Verizon outlined the steps you’ll need to take to get the offer:
To get this offer, you need to:
– Purchase both phones on device payment
– Activate a new line on Verizon unlimited
– Trade in your phone within 30 days. You will receive the trade-in value in addition to the bill credits.
Verizon’s deal is similar to one that T-Mobile began two weeks ago today, where new and existing T-Mobile customers could buy one iPhone and get up to $700 off another iPhone of equal or lesser value. One of the main differences is that T-Mobile offered the $700 discount in the form of a rebate received via prepaid MasterCard card, while Verizon’s will be credited to the user’s monthly bills over 24 months. T-Mobile’s also included the iPhone 7 and iPhone 7 Plus, but Verizon’s is only for Apple’s 2017 line of iPhones.
For more on the latest sales, visit our full Deals Roundup.
Related Roundups: iPhone 8, iPhone XTag: VerizonBuyer’s Guide: iPhone 8 (Neutral), iPhone X (Buy Now)
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It’s not often we see a shoe that appeals to both the sneakerhead and gamer communities. But Nike managed to do exactly that with the PG2, the second signature model of professional basketball player Paul George, which features a design inspired by Sony’s PlayStation console and its DualShock controller. Nike says that George, who plays for the NBA’s Oklahoma City Thunder, worked closely with PG2 designer Tony Hardman to create an on-court shoe that would represent his love for gaming and, specifically, the PlayStation.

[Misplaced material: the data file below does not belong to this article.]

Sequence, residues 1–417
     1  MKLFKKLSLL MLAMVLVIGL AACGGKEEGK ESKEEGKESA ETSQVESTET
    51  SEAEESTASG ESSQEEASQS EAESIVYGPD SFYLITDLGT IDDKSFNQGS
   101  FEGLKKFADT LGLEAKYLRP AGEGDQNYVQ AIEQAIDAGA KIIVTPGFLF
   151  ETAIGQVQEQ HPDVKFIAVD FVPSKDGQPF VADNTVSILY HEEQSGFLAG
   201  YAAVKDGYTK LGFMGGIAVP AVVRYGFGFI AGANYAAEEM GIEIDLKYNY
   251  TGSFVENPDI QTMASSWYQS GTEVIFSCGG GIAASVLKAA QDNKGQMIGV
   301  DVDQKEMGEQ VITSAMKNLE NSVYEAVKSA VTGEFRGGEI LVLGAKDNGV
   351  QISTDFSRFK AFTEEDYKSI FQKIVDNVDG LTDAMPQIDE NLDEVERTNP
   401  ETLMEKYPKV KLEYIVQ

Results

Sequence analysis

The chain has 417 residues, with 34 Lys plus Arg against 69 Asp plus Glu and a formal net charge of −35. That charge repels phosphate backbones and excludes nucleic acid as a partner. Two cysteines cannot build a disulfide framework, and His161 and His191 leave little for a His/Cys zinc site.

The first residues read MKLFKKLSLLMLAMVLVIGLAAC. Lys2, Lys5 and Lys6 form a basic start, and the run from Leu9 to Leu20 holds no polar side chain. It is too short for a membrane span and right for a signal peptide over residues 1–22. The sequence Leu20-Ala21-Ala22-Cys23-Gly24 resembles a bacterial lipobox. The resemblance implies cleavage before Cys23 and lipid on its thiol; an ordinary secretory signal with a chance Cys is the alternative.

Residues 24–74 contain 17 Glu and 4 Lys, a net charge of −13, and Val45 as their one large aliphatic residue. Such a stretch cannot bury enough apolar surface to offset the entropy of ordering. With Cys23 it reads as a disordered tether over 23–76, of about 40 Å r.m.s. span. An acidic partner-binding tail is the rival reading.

George claims to be one of the league’s most avid gamers, so much so that he says he takes the PS4 with him every time his team travels during the NBA season. That’s why he was so keen on the “PlayStation” PG2s being the first version of his new signature shoe line. If you’re a DualShock fan, you’ll find plenty of details around here to love. That includes lace loops that are the same color as the controller’s buttons (blue, green, pink and red) and a black patent leather heel tab with graphics of the cross, circle, square and triangle.
Meanwhile, the midsole is full of bright, galaxy-themed speckles that are meant to look like one of the PlayStation’s dynamic wallpapers. As great as all those touches are, though, the main highlights of the PG2 are the blue light-up logos on on the pair. On the left shoe, there’s a “PS” logo and on the right one, Paul George’s personal “PG” futuristic lettering, which you can turn on via a power button located on the back of the sneaker’s tongue. When you do that, you’ll feel a pulse-like haptic effect that’s intended to mimic a DualShock controller. And because Nike really wants to take bring the ’90s back, part of the bottom sole glows in the dark.